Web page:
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December 13, 1991 - Image 22

Resource type:
Text
Publication:
The Detroit Jewish News, 1991-12-13

Disclaimer: Computer generated plain text may have errors. Read more about this.

SOUTHFIELD:

AT RISK?

Is it too late or just in time for the
Jewish community of Southfield?

STAYING OR MOVING?

STORIES BY KIMBERLY LIFTON

PHOTOS BY GLENN TRIEST

I

f you are JewiA and living in Southfield, chances are good
you know someone Jewish who is either thinking about mov-
ing or who already has left. Chances are also good that you
know someone Jewish who is staying and has no intentions of
moving anytime soon.
Reasons for moving and reasons for staying can sometimes
cause a state of confusion in the mind of a Jew living in
Southfield. For every reason to move, there's a reason to stay.
Leaving the city encompasses a full range of emotions, in-
cluding feelings of guilt whether one chooses to leave or stay.
Jews move for many reasons. Historically, they move when
blacks or other minorities come into the neighborhood. With
integration comes a perceived increase in crime and decrease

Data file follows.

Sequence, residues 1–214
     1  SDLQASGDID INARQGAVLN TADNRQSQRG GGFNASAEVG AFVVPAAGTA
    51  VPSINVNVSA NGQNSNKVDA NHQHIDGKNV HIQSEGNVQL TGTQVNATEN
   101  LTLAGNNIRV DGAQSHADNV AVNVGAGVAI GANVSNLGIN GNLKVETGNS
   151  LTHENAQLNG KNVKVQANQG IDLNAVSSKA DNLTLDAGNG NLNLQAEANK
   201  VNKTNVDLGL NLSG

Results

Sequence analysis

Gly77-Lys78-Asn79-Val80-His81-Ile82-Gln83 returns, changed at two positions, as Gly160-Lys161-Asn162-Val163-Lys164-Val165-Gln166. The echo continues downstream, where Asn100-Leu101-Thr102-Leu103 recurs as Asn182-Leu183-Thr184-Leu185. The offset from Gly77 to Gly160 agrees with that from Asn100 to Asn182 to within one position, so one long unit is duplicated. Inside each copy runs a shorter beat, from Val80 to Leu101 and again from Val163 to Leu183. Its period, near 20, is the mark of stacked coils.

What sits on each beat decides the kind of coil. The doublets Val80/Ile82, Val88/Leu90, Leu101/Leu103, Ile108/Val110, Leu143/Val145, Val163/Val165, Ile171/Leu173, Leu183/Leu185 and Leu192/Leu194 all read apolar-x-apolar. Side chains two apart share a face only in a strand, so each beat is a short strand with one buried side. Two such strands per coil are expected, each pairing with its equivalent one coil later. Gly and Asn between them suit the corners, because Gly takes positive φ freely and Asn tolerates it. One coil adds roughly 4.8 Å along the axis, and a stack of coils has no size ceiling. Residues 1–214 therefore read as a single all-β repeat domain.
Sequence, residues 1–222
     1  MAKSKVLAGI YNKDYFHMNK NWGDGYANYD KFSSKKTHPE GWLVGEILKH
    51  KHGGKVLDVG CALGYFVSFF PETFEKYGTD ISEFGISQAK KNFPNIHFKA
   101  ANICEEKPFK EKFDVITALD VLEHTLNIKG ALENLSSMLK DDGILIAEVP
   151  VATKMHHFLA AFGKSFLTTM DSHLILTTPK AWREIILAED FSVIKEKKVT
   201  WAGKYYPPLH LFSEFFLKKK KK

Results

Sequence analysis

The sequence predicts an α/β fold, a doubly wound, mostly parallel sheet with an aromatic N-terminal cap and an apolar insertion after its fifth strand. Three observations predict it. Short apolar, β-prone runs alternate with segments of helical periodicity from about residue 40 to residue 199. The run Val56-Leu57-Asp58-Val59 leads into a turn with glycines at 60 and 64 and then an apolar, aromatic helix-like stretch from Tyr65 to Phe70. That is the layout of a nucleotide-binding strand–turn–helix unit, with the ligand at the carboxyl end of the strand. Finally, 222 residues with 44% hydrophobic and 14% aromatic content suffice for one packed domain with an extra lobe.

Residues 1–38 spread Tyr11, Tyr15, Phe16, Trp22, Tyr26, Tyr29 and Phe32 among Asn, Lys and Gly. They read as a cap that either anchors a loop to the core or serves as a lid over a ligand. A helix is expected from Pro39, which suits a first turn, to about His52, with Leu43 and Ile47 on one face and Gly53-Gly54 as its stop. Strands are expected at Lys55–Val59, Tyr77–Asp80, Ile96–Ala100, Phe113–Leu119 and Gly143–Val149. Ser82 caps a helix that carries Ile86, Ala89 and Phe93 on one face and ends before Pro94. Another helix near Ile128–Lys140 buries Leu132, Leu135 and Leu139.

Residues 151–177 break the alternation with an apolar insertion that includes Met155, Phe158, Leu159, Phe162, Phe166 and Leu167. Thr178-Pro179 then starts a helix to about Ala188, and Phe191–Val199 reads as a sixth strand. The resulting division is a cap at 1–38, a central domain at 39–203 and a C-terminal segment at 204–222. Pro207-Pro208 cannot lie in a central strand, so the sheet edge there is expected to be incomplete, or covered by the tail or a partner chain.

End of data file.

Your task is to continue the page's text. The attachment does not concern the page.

in the quality of public school education. This is the case in
tracking many cities' white and Jewish flight to the suburbs.
Southfield recognizes this pattern. While proud of its ethnic
and racial diversity, it also is working to maintain its quality
of life —whether in the school system or public safety depart-
ment.
For this edition and the next two issues, The Jewish News
will take a look at Southfield and many of the issues that face
the city's Jewish community.

Andrea Steingold thinks the
time has passed for a Jewish
Southfield.
A longtime resident of
the city who moved recent-
ly to Farmington Hills, she
said the organized Jewish
community should have

THREE PART SERIES

Although
Southfield is not
inundated with For
Sale signs, they
are frequently
found in
neighborhoods
once
predominately
Jewish. Realtors
say buyers can
get more for their
money in
Southfield.

22

FRIDAY, DECEMBER 13, 1991

SOUTHFIELD:

AT RISICP

On Dec. 20, we will
compare Southfield and
the Neighborhood Pro-
ject with four other cities
that run successful in-
tegration or Jewish
revival projects.
Dec. 27: the future of
the Jewish community
and northwest migration.

done something a long time
ago to preserve Southfield's
Jewish essence. The Neigh-
borhood Project, she said, is
not enough.

Yehuda Stebbins, who
moved from one neighbor-
hood in Southfield to an-
other in the same city,
doesn't think it is fair to
"cast doom on Southfield in
any way, shape or form."
Micky and Jan Rosner
chose Southfield over Far-
mington Hills 15 years ago.
They said they got more
housing dollar for their
money. Mr. Rosner wants
to remain in Southfield
forever. Mrs. Rosner likes
it there but is unsure about
the future.
"If we believe in the
future of Southfield, we
will make that belief a
reality," said Rabbi Irwin
Groner of Congregation

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